Title: Through Her Eyes
Author: Jennifer Archer
Genre: YA Paranormal Mystery/Thriller
Publication Date: April 5, 2011
Format: Hardcover, 384 Pages
ISBN-10: 0061834580 (Harper Teen)
ISBN-13: 978-0061834585 (Harper Teen)
Reviewed by: Macie
Every ghost has a story to tell.
The last place Tansy Piper wants to be is stuck in Cedar Canyon, Texas, in the middle of nowhere, with a bunch of small-town kids. But when her mother decides to move to the desolate West Texas town, Tansy has no choice but to go along. Once there, Tansy is immediately drawn to the turret of their rickety old house, a place she soon learns has a disturbing history. But it’s the strange artifacts she finds in the cellar—a pocket watch, a journal of poetry, and a tiny crystal—that have the most chilling impact on her.
Tansy soon finds that through the lens of her camera, she can become part of a surreal black-and-white world where her life is intertwined with that of mysterious, troubled Henry, who lived in the same house and died decades earlier. It seems their lives are linked by fate and the artifacts she found, but as Tansy begins spending more and more time in the past, her present world starts to fade away. Tansy must untangle herself from Henry’s dangerous reality—before she loses touch with her own life forever
Quick and Dirty: Interesting concept, but still overuses some plot and character stereotypes.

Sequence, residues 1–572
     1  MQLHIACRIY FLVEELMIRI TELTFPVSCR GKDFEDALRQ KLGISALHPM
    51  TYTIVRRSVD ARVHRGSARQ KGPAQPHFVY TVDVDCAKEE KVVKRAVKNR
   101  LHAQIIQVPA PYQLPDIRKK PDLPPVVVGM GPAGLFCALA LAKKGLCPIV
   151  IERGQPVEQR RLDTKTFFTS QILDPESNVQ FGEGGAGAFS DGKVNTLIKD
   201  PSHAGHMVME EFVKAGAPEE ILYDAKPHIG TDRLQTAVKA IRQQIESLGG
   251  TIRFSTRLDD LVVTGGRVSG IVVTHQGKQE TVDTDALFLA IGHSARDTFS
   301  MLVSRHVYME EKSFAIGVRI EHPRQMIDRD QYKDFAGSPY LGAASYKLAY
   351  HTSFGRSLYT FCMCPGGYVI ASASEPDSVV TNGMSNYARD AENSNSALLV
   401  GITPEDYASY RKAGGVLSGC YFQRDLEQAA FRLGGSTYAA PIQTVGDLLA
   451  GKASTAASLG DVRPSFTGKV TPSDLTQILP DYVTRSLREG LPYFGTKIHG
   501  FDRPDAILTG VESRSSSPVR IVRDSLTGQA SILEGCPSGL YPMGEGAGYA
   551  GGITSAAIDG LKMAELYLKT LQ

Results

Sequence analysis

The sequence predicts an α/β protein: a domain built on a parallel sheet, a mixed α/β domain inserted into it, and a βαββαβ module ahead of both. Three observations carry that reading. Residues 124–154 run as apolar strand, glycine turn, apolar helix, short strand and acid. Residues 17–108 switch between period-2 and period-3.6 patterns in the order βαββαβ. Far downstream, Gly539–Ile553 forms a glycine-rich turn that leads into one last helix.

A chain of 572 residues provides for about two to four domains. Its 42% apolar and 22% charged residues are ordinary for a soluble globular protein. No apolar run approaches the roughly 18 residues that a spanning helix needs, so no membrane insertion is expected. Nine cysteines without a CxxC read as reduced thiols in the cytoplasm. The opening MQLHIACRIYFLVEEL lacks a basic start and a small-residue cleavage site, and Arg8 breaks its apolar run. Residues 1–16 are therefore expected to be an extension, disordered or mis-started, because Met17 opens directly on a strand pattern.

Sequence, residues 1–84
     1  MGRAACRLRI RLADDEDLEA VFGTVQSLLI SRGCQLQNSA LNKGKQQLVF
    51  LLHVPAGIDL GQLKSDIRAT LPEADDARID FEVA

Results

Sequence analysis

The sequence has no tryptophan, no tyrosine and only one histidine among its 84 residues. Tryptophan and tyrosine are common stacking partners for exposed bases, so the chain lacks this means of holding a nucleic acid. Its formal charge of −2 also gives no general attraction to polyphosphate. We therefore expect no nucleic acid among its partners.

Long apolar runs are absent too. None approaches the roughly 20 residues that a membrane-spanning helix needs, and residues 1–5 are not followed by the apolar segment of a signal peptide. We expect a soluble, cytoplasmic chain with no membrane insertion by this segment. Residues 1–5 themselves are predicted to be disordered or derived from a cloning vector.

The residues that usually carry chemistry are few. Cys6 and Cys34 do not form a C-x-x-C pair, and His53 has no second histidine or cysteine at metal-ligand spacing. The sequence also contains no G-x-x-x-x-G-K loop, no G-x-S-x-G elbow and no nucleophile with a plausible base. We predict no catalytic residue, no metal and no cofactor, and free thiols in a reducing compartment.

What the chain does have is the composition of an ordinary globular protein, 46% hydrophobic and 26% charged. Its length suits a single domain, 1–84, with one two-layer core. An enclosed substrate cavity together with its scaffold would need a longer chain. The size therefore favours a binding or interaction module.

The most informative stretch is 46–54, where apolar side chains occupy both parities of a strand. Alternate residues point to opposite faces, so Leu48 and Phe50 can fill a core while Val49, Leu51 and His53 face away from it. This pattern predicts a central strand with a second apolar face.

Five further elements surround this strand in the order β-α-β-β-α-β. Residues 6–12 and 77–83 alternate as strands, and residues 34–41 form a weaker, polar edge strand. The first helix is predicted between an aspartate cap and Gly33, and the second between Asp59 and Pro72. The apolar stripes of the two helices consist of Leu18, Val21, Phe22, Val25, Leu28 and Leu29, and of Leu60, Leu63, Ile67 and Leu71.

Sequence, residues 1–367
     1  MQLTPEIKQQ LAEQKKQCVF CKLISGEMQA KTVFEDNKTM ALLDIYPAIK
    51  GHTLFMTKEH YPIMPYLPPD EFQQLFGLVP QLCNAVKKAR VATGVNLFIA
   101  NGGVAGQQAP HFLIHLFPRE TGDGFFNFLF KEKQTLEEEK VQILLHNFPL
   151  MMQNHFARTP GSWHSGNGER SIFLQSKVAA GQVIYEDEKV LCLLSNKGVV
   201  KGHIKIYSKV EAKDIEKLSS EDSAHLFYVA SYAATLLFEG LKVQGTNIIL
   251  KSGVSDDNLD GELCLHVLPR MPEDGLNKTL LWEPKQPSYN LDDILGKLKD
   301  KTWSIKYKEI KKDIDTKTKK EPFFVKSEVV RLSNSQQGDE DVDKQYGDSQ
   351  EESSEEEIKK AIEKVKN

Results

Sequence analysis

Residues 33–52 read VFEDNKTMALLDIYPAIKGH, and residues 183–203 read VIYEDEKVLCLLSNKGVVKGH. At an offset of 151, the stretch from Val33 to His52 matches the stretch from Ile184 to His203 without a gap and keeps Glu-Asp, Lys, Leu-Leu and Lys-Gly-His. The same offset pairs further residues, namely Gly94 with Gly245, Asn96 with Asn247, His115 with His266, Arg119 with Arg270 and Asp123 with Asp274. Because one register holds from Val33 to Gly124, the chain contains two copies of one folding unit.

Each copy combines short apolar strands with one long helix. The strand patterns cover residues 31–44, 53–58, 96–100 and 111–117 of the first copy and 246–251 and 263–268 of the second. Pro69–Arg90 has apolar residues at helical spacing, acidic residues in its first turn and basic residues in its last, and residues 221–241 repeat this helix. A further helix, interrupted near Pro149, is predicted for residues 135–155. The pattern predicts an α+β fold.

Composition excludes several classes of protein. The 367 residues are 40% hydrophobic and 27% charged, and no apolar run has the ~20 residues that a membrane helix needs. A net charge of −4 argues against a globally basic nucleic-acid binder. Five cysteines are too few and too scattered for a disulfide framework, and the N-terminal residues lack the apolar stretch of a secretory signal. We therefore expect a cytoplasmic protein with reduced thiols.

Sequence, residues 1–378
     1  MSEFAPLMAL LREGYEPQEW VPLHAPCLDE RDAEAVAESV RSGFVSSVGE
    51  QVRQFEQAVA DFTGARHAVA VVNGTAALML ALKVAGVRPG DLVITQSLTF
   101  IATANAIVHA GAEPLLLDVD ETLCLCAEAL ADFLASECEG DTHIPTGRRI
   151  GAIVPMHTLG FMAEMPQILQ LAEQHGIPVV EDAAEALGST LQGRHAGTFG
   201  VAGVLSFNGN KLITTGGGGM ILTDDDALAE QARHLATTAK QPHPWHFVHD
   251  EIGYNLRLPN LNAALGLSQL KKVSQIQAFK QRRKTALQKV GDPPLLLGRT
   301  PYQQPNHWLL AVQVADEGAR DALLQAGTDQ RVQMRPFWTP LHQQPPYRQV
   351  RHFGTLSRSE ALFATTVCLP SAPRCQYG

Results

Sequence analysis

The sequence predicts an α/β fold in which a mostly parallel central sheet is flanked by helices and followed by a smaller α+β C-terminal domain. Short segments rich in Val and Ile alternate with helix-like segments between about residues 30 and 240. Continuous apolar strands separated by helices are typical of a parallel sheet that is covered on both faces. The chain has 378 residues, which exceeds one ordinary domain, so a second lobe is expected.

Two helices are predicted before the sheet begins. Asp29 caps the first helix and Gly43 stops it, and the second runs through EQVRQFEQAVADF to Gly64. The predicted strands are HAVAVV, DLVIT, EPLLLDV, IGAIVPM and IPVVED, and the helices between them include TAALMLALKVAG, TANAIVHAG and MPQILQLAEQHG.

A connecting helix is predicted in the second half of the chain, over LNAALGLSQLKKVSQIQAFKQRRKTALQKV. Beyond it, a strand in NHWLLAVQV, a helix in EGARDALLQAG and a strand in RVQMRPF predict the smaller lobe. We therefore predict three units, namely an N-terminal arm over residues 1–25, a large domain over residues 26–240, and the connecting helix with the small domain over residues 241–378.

Opening Sentence: I died on a bitter, cold night.
The protagonist, Tansy, immediately typecasts herself as an outcast after moving from California and avoids the other kids and townspeople in the small Texas town of Cedar Canyon. Tansy is the daughter of a writer who moves her family around so often that Tansy feels sequestered from everyone, and feels like she is always the “weird new girl.” Her style, which consists of her grandfather’s collection of old hats, sticks out in the boondocks of Texas. Her grandfather has to be taken care of like a child because he has recently become infirm.
For the most part, Tansy is cynical of her new life, and is a bit of a brat. I know from experience how difficult it is to move and change schools often, but she decides before she arrives that she will not fit in and puts out no effort to be a polite person. Tansy treats others around her with disdain because they have different priorities than her, may not be as cultured as she is, and then complains about loneliness. I don’t personally love the character of Tansy, but maybe her emotional state is what helped her reach out to the ghost of Henry.
Henry lived an unhappy life that was cut short by plummeting from a cliff. Tansy discovers some of Henry’s personal items, and is somehow able to witness the last few days of his tortured life. She’s transported to a monochromatic version of Cedar Canyon that Henry and her grandfather lived in. Over the course of the book, Tansy’s experience of what is reality and what is an observance of the past starts to blend as she witnesses things that do not belong. At this point the reader starts to question if Tansy is really seeing something, or if she should be diagnosed by a psychologist. We know how the rest of society would see her experiences, and secretly hope that she really is experiencing the past and a ghost. Not only is Tansy learning more about her grandfather when he was her age, but she is also uncovering a mystery that has been in the town for ages.